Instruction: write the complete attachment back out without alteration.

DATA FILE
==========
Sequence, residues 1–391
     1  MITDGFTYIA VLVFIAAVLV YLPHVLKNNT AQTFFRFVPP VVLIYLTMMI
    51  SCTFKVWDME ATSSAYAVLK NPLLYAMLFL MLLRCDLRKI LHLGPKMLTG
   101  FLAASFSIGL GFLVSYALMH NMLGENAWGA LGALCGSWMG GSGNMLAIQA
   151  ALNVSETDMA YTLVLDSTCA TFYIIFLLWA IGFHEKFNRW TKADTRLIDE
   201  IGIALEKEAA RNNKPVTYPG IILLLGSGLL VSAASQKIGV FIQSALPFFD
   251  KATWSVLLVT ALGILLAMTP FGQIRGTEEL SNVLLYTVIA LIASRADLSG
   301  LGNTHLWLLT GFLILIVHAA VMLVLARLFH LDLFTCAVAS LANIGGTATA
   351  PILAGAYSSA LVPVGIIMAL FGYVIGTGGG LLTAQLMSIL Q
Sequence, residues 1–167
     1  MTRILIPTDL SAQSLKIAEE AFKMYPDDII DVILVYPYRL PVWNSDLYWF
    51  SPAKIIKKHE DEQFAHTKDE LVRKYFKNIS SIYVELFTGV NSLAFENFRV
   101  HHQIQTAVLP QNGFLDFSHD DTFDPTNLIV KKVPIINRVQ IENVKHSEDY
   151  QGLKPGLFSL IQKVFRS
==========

Sequence, residues 1–391
     1  MITDGFTYIA VLVFIAAVLV YLPHVLKNNT AQTFFRFVPP VVLIYLTMMI
    51  SCTFKVWDME ATSSAYAVLK NPLLYAMLFL MLLRCDLRKI LHLGPKMLTG
   101  FLAASFSIGL GFLVSYALMH NMLGENAWGA LGALCGSWMG GSGNMLAIQA
   151  ALNVSETDMA YTLVLDSTCA TFYIIFLLWA IGFHEKFNRW TKADTRLIDE
   201  IGIALEKEAA RNNKPVTYPG IILLLGSGLL VSAASQKIGV FIQSALPFFD
   251  KATWSVLLVT ALGILLAMTP FGQIRGTEEL SNVLLYTVIA LIASRADLSG
   301  LGNTHLWLLT GFLILIVHAA VMLVLARLFH LDLFTCAVAS LANIGGTATA
   351  PILAGAYSSA LVPVGIIMAL FGYVIGTGGG LLTAQLMSIL Q
Sequence, residues 1–167
     1  MTRILIPTDL SAQSLKIAEE AFKMYPDDII DVILVYPYRL PVWNSDLYWF
    51  SPAKIIKKHE DEQFAHTKDE LVRKYFKNIS SIYVELFTGV NSLAFENFRV
   101  HHQIQTAVLP QNGFLDFSHD DTFDPTNLIV KKVPIINRVQ IENVKHSEDY
   151  QGLKPGLFSL IQKVFRS